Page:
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A Look At The Intrinsic Value Of Apollo Medical Holdings, Inc. (NASDAQ:AMEH)

·6 min read

How far off is Apollo Medical Holdings, Inc. (NASDAQ:AMEH) from its intrinsic value? Using the most recent financial data, we'll take a look at whether the stock is fairly priced by taking the forecast future cash flows of the company and discounting them back to today's value. We will use the Discounted Cash Flow (DCF) model on this occasion. Before you think you won't be able to understand it, just read on! It's actually much less complex than you'd imagine.

Companies can be valued in a lot of ways, so we would point out that a DCF is not perfect for every situation. If you still have some burning questions about this type of valuation, take a look at the Simply Wall St analysis model.

View our latest analysis for Apollo Medical Holdings

The Calculation

We're using the 2-stage growth model, which simply means we take in account two stages of company's growth. In the initial period the company may have a higher growth rate and the second stage is usually assumed to have a stable growth rate. To start off with, we need to estimate the next ten years of cash flows. Seeing as no analyst estimates of free cash flow are available to us, we have extrapolate the previous free cash flow (FCF) from the company's last reported value. We assume companies with shrinking free cash flow will slow their rate of shrinkage, and that companies with growing free cash flow will see their growth rate slow, over this period. We do this to reflect that growth tends to slow more in the early years than it does in later years.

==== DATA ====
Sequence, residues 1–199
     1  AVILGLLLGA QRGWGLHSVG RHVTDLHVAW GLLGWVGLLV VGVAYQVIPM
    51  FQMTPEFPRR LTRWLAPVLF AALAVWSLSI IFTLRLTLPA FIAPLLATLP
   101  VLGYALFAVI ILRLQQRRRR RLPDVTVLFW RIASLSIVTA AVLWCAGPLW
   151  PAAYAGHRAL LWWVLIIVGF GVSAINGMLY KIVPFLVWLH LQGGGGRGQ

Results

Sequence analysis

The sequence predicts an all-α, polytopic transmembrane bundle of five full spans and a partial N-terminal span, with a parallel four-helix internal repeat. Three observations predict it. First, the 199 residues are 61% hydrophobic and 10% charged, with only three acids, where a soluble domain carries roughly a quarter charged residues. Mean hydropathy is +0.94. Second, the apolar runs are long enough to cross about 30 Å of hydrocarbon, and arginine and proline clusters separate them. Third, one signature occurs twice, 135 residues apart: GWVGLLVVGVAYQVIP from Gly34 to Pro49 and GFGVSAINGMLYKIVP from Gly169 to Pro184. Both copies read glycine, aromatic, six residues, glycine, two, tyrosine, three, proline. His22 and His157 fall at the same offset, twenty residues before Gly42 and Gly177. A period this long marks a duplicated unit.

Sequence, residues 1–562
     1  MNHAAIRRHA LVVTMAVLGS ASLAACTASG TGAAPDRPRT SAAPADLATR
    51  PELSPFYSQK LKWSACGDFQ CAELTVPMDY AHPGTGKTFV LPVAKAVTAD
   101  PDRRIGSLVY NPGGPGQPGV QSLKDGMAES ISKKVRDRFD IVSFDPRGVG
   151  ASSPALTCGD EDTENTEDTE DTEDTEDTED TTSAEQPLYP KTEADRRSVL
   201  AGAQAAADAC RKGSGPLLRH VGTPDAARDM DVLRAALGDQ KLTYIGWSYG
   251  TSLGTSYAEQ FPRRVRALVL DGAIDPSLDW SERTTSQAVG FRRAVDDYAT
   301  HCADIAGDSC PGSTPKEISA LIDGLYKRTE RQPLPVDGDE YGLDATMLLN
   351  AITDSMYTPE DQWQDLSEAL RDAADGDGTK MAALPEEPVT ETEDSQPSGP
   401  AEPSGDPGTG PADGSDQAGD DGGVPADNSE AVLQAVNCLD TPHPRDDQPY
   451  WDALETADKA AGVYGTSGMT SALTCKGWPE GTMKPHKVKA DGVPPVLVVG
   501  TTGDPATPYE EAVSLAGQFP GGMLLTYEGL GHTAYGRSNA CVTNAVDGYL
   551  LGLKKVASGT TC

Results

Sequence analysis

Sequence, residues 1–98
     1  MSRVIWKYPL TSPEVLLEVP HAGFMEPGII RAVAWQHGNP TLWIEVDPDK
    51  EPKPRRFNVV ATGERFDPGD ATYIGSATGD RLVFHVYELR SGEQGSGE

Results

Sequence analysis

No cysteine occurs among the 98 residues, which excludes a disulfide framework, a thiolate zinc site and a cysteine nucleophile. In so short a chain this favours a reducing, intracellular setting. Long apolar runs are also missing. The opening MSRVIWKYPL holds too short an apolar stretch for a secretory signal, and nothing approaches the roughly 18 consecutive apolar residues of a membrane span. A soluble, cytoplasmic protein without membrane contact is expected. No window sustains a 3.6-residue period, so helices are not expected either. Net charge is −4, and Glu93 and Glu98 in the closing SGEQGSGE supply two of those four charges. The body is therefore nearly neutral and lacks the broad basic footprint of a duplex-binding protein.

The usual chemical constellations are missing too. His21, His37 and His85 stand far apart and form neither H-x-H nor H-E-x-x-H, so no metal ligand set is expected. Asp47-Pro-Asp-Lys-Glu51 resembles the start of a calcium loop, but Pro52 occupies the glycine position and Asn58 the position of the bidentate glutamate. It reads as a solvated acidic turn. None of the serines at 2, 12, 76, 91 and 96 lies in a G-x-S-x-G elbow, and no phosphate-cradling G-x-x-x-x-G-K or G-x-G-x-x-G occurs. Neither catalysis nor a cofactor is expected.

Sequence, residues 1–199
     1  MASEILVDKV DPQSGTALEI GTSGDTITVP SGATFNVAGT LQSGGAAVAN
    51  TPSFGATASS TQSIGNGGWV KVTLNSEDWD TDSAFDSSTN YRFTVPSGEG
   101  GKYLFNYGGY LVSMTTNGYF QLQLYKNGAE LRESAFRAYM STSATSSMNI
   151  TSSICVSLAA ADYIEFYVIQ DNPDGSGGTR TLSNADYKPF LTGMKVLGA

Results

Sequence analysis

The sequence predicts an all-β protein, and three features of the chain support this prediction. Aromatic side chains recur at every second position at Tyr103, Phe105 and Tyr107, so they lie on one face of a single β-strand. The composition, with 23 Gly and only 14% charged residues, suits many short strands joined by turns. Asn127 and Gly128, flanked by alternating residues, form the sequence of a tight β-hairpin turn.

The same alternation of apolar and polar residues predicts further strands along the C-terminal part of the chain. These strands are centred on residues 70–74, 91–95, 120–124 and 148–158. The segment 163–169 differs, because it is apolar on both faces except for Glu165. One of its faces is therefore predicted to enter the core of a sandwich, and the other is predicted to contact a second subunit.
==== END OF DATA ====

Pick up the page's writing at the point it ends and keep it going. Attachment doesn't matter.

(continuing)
A DCF is all about the idea that a dollar in the future is less valuable than a dollar today, and so the sum of these future cash flows is then discounted to today's value:

10-year free cash flow (FCF) forecast

2023

2024

2025

2026

2027

2028

2029

2030

2031

2032

Levered FCF ($, Millions)

US$81.3m

US$91.8m

US$100.6m

US$108.0m

US$114.1m

US$119.4m

US$123.9m

US$127.9m

US$131.5m

US$134.9m

Growth Rate Estimate Source

Est @ 17.59%

Est @ 12.89%

Est @ 9.61%

Est @ 7.31%

Est @ 5.7%

Est @ 4.57%

Est @ 3.78%

Est @ 3.23%

Est @ 2.84%

Est @ 2.57%

Present Value ($, Millions) Discounted @ 5.4%

US$77.1

US$82.6

US$85.9

US$87.4

US$87.7

US$87.0

US$85.6

US$83.8

US$81.8

US$79.6

("Est" = FCF growth rate estimated by Simply Wall St)
Present Value of 10-year Cash Flow (PVCF) = US$838m

After calculating the present value of future cash flows in the initial 10-year period, we need to calculate the Terminal Value, which accounts for all future cash flows beyond the first stage. For a number of reasons a very conservative growth rate is used that cannot exceed that of a country's GDP growth. In this case we have used the 5-year average of the 10-year government bond yield (1.9%) to estimate future growth. In the same way as with the 10-year 'growth' period, we discount future cash flows to today's value, using a cost of equity of 5.4%.

Terminal Value (TV)= FCF2032 × (1 + g) ÷ (r – g) = US$135m× (1 + 1.9%) ÷ (5.4%– 1.9%) = US$4.0b

Present Value of Terminal Value (PVTV)= TV / (1 + r)10= US$4.0b÷ ( 1 + 5.4%)10= US$2.3b